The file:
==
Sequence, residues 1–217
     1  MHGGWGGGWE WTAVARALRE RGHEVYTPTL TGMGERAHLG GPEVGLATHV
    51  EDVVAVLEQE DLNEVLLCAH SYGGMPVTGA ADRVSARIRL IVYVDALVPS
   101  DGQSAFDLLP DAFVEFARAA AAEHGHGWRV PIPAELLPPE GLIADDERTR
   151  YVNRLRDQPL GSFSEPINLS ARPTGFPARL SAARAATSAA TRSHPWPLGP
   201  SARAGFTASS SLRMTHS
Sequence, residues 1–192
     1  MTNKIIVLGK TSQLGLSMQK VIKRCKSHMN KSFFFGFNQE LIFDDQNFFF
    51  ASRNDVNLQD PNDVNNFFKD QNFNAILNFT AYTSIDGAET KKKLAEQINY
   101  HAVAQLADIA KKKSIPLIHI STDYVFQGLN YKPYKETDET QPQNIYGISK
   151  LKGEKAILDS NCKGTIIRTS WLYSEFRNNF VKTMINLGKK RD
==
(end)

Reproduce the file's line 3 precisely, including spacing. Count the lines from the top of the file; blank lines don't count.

    51  EDVVAVLEQE DLNEVLLCAH SYGGMPVTGA ADRVSARIRL IVYVDALVPS